136345Re: _vimrc not run when invoking gvim on text file from context menu
- Feb 22, 2013On Feb 22, 2:52 am, Jürgen Krämer <jottka...@...> wrote:
>Paul wrote:Thanks for that, Jurgen.
>> In Windows 7, I got a program "pinned" to the taskbar. It is
>> basically a shortcut with the "Target" field set to:
>> "C:\Program Files (x86)\Vim\vim73\gvim.exe" -u _vimrc
>> and the "Start in" field set to $USERPROFILE. The _vimrc is also
>> in $USERPROFILE, so it runs when gvim is started.
>> However, when I right click on a text file in Windows Explorer and
>> choose "Edit with vim", _vimrc is not run. Is something I can do
>> to have it run?
>> There are restrictions that a solution would have to observe.
>> First is that I don't have admin privileges, so I can only stick
>> _vimrc in places where $USERNAME can write. Also, $HOME is not a
>> good place for it because it is set to a network drive. Finally,
>> since I'm invoking gvim from the context menu, I'm not aware of a
>> way to set environment variables for such an invocation of vim
>> (unlike the case invoking vim from a script or command line).
> the $HOME variable is the culprit. If you don't give the -u
> parameter on the command line Vim looks for its _vimrc in the
> directory defined by $HOME. On Windows, if $HOME does not exist it
> is constructed internally from $HOMEDRIVE$HOMEPATH (see ":help
> So either you have to put your _vimrc on the network drive given by
> $HOME, or you have to modify the command that is executed when you
> click on "Edit with vim".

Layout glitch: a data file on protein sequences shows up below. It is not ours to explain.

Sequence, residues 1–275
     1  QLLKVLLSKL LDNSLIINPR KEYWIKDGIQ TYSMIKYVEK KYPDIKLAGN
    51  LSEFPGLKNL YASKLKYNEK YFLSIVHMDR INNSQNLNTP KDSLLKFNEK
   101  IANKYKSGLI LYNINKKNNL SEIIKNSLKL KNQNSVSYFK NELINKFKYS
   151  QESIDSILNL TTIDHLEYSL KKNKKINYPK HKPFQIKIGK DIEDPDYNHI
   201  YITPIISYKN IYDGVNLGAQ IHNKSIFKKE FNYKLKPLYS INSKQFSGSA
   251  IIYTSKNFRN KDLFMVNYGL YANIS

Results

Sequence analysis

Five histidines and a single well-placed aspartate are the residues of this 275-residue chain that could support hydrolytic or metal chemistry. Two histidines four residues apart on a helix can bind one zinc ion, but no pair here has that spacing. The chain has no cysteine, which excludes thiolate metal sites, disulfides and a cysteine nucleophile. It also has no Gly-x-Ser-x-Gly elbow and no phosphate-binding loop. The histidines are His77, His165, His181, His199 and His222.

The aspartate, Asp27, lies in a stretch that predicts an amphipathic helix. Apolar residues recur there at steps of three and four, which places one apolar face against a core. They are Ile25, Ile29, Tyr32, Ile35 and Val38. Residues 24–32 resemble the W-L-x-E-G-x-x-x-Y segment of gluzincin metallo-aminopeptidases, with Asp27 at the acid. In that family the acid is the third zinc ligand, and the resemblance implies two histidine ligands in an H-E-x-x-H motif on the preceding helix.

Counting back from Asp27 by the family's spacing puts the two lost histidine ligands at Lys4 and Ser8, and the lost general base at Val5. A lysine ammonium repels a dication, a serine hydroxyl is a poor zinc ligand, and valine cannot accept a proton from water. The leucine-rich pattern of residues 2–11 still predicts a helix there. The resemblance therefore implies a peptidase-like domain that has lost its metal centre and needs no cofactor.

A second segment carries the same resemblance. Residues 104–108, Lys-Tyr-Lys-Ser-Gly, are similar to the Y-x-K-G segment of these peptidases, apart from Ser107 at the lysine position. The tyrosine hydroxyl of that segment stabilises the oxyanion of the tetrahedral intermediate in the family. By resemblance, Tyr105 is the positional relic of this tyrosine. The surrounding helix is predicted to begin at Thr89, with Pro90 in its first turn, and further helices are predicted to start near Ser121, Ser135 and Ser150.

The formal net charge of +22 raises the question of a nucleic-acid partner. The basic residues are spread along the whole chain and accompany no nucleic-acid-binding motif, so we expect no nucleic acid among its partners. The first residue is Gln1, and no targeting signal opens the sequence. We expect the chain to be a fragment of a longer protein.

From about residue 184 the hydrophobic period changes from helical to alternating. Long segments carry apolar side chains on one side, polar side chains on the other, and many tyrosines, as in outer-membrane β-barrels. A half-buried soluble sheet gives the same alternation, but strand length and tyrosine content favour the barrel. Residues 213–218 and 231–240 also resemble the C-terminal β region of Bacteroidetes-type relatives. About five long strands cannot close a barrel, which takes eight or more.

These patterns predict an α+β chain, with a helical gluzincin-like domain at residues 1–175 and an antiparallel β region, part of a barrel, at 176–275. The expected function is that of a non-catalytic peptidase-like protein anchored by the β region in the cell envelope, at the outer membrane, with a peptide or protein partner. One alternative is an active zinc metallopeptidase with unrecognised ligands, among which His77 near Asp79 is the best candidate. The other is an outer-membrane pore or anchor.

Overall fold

> I have never used this context menu entry much and for the only
> computer that has it I'm not so sure if I haven't tinkered around
> with it, so the following might be of no help:
> - Open the registry editor by executing regedit.exe.
> - Search for the Text "Edit with Vim". If one of the letters in the
> context menu is underlined put an ampersand in front of it, e.g.
> I had to actually search for "Edit with &Vim".
> - You should find an entry with an sub-entry called "Command".
> This sub-entry should have a key called "(Standard)" or
> "(Default)" or something like this which holds the command to
> start Vim.
> - Modify it so that it includes "-u $USERPROFILE\.vimrc" after the
> program name, i.e. it should like
> <Path to Vim>\Vim.exe -u $USERPROFILE\.vimrc "%1"
> Instead of "%1" you can also write "%L" which might be better for
> long file names.
I don't have the ability to change the registry.
However, I found that setting the user-specific Windows environment
variable VIMINIT works. However, one has to be careful about the fact
that all subprocesses inherit this. For example, if you run cygwin's
bash shell, it will also inherit this. However, cygwin's bash uses
posix style paths, so if VIMINIT contains DOS style paths, it will
cause problems. As I said, my solution was to unset VIMINIT in my
bash startup file ".bashrc". It's messy, having to undo something in
one environment that was setup in another environment, but it's the
nature of using global variables.
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